Maureen-OHara-and-Brian-Keith-in-Parent-Trap-movie

source: Buena Vista Distribution

Why?

Because Vicky is a petty gold digger, but that’s besides the point.

Always two steps ahead, the twins strategizes to make Vicky’s time outside a living hell. First they replace her mosquito repellent with sugar water. Then, they smother honey on her feet while she’s sleeping and get a cub to lick her feet to make it seem like a bear attack was imminent.

For Vicky, that was the last straw.

When she wakes up in the morning, she is livid. She makes her rounds around the campsite, destroying everything and anything, which eventually culminates in her slapping (why she does it, is beyond me) one of the girls. Mitch sees this and reassess his attraction to her. Vicky, tired and sticky, flees back to the city.

Exhausted, emotionally and physically, Mitch, Susan and Sharon make their way back to the homestead where Maggie greets them with a feast matching their appetite. They say the fastest way to a man’s heart is through his stomach.

It’s true.

This leads to Mitch and Maggie to have a heart to heart, where they admit they still do love each other.

At the end of the movie, they choose to get married again and for Susan and Sharon, they couldn’t be happier.

Why I Chose this for the Summer Movie Blogathon..

I really do adore this movie. It’s sweet, charming and absolutely absurd, in a good way. Summer is about kicking back and letting go. It’s a couple months out of the year where you plan something absolutely crazy and get away with it.

That’s the thing about summer. After 9 long months of working and or going to school, summer is where you can come together with friends and relax, or in this movie’s case, plot to do something out of this world. That’s why I chose The Parent Trap for this blogathon, no matter how preposterous something is, during the summer, it’s never off limits.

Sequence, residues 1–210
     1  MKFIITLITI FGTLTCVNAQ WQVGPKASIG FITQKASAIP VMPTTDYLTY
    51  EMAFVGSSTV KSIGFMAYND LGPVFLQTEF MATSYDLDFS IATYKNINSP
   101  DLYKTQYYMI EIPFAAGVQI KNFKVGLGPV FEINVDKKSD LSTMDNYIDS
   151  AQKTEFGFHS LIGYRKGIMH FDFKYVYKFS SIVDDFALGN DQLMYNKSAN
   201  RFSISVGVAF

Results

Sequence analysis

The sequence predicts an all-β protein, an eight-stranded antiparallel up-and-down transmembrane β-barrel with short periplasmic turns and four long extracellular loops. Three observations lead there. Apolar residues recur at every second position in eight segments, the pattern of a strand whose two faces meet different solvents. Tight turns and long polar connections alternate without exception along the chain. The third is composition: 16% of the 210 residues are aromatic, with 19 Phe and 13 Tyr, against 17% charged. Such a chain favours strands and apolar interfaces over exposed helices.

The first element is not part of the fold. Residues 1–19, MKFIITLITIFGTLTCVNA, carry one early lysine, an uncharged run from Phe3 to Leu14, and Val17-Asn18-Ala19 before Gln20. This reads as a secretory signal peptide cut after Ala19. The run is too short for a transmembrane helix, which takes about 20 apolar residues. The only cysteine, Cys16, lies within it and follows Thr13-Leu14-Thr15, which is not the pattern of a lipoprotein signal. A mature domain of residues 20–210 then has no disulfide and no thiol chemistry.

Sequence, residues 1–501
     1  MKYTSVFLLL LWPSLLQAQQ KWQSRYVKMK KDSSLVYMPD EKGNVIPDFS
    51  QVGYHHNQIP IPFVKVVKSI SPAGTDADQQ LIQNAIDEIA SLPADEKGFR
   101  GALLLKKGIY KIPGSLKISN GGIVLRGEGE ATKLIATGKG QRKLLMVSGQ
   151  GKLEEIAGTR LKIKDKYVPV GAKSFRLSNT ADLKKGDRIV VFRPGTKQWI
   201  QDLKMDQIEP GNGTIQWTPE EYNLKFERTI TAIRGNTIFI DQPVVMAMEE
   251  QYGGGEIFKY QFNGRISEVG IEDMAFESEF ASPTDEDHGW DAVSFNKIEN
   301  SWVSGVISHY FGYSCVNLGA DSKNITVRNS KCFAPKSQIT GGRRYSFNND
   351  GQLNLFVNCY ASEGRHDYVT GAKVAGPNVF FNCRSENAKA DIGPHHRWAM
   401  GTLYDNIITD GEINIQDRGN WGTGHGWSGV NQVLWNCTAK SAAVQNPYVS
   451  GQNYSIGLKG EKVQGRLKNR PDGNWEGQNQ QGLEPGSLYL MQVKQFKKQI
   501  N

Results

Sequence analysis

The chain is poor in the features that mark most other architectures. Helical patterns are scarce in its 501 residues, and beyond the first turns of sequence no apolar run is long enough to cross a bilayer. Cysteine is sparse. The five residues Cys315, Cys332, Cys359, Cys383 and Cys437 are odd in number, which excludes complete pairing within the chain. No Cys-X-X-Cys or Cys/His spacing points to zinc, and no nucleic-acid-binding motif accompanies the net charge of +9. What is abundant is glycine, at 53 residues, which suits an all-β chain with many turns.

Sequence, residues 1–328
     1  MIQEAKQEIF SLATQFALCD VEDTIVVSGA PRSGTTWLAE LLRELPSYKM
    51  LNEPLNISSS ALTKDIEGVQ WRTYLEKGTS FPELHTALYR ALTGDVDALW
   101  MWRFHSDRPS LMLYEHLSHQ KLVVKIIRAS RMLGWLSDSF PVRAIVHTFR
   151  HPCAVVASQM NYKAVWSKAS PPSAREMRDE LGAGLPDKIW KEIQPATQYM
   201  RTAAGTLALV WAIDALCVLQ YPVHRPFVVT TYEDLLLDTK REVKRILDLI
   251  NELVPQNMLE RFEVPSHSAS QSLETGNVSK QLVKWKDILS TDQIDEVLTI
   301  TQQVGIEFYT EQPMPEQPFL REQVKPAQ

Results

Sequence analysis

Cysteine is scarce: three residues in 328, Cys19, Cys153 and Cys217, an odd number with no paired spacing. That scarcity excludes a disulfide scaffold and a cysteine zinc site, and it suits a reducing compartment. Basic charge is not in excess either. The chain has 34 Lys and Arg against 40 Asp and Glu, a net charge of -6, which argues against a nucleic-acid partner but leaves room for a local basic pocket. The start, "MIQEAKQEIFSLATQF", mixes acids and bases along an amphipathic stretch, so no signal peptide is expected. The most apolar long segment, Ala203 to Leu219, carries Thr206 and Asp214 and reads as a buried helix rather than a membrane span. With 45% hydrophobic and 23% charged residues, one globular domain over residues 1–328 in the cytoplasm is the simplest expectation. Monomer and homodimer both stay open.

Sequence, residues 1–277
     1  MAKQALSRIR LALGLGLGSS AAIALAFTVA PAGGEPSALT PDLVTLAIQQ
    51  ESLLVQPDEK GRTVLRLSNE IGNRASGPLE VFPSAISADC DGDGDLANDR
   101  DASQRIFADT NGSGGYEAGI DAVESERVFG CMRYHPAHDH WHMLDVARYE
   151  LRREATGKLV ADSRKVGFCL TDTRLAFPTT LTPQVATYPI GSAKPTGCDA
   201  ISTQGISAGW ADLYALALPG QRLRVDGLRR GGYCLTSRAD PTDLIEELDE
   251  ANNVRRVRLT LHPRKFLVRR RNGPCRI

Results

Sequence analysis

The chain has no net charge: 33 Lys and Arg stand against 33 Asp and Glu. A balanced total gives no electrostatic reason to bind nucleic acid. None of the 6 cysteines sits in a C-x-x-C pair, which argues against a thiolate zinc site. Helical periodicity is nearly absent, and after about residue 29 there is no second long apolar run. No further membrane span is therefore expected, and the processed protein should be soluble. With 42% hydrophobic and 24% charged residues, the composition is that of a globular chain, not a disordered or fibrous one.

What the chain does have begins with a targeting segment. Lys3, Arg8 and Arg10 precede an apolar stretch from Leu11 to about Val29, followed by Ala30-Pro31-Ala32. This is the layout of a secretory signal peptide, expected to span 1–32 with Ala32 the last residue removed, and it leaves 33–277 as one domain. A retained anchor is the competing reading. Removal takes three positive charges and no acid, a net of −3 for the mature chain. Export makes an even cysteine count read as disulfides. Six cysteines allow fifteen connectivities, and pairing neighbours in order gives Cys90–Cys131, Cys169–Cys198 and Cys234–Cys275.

Reel Infatuation: Paul Henreid in Now Voyager (1942)

now-voyager

source: Warner Bros.

The start of my love for classic films goes back to my freshman year of high school. I remember, specifically, it was a Cinema Appreciation class where the first movie my teacher introduced to us was Mr. Smith Goes to Washington.

As soon as the screen faded to black, I was hooked.

I couldn’t believe what I was witnessing. At the time, I had no clue that those,”black and white” movies could be so enthralling. I was one of those people who wouldn’t touch a classic film with a ten foot pole. As that class continued, my teacher went on to introduce me to more marvelous films like, Rear Window, Lawrence of Arabia, The Adventures of Robin Hood, and Sabrina.

The motion pictures that I was introduced in that class, left a lasting mark on my life.

After the course was over, I sought after as many classic films as I could. In fact, for the next couple of years during my high school career, I made it my duty to watch as many classic movies as I could get my hands on. From film noirs like, To Have and Have Not, to musicals like An American in Paris, and even the occasional romantic comedy such as Pillow Talk.

I was obsessed.

now voyager

source: Warner Bros.

So much much so, I started dressing, talking and moulding myself into what I believed a woman of that era should look like. Not only did I look the part, I felt it. And those feelings trickled down into how I interacted with members of the opposite sex.